How does a Philly teen who’s in foster care, homeless or otherwise at risk beat the odds and stay on track with career training?
Some would answer, “it takes a village.” True enough. But ECS would add, “it takes a new approach.”
On April 12, the shape, progress and success of that approach — built around re-framing the past and re-thinking the future — were showcased as the Saturday youth group unveiled their marketing projects. Seeing Youth Succeed, their new name, was chalked in bright, bold lettering on the blackboard that dominates their space and was graphically represented in their new logo. Homelessness, an issue they know well, was the focus of their just-completed, hard-hitting documentary.
“It’s project-based learning,” explains Arley Styer, who is directing the program. “Even though they have thought partners, the kids drive the process, and it’s very effective. The goal is to build critical thinking, teamwork and leadership.”
Some of the city’s top creative agencies provided advice and encouragement for this year’s projects. Said Ryan Overhiser, a copywriter at Allen & Gerritsen and one of the first guest speakers, “They seemed refreshed after we talked, like they were ready to dive headfirst and practice some of the thinking we shared with them.” Similarly positive, Robby Fernandez, CEO of Moxie Pictures and a speaker near the end of the projects, said, “You could easily see how enthusiastic and passionate they were about film. I was quite impressed by their desire to get as much information and knowledge as possible.”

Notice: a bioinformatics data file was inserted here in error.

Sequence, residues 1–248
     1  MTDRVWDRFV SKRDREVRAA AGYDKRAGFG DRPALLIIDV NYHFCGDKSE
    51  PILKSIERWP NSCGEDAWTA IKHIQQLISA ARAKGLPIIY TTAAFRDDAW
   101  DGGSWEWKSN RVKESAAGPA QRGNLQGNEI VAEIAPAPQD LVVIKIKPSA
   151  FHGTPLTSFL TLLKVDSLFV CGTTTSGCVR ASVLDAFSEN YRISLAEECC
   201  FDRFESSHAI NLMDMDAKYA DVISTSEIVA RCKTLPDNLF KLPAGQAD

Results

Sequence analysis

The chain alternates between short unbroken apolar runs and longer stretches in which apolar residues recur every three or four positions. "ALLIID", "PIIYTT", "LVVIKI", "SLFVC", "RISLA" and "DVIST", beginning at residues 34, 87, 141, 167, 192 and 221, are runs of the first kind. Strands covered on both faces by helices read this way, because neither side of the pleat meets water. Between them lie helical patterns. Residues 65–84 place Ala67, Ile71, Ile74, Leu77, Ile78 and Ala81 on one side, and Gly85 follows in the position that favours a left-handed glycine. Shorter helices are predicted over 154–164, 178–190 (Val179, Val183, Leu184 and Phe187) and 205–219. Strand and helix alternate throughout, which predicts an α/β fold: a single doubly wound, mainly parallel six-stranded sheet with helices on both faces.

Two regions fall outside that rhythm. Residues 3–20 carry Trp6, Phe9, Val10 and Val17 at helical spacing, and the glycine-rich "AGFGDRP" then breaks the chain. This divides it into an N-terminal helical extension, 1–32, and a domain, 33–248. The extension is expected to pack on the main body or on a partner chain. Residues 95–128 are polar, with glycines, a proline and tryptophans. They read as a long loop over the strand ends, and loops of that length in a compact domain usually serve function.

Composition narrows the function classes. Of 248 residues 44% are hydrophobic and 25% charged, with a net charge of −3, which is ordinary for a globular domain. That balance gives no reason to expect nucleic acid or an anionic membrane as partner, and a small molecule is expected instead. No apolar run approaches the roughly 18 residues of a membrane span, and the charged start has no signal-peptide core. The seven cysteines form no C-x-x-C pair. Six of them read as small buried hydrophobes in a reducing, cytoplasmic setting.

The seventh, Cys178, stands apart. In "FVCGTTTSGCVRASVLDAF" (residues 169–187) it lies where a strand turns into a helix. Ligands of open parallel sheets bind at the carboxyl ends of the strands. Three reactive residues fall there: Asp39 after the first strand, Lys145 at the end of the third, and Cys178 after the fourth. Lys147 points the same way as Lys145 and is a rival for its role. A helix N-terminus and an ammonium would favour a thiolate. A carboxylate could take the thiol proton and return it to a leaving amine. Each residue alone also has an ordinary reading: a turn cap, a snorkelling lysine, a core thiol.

Other speakers were “Que” Gaskins from Que-in, Leticia Whitsett from Tierney Agency, Ben Harrison from 160 over 90 and Caitlin Vivian from Allen & Gerritsen. Rick Boyko, who was director and professor at the VCU Brandcenter and spent many years with top ad agencies, Leo Burnett, Chiat/Day and Ogilvy & Mather, provided ongoing and inspiring consultation.
A second $100,000 grant from the Caroline Alexander Buck Foundation is helping to fuel success of SYS and, in fact, the Youth Center as a whole. Just last year the foundation awarded its first $100,000 grant to ECS for expansion of a pilot program then known as Teens Takin’ Over. It started as a workshop series for about 40 teens, ages 14 to 18, in other ECS programs. However, now the Youth Center offers individualized employment preparation to about 100 youth, up to age 23.
What’s perhaps most notable is that the Youth Center is supporting kids over 18 just when other programs stop. Research shows that older at-risk kids often get discouraged and drop out of college or career training. So they require an intensive assessment and training program to develop the necessary skills and resources for sustainable employment and financial stability.
“We’ve hit a niche,” says Dave Griffith. “We don’t know of another city agency using our experiential, cognitive therapy approach, and the older youth are coming in droves.”
To benchmark success, the University of Pennsylvania, Temple University and Drexel University have partnered with ECS to determine clear goals and outcomes. That accomplished, ECS is now quantifying the concrete, positive effects of the program.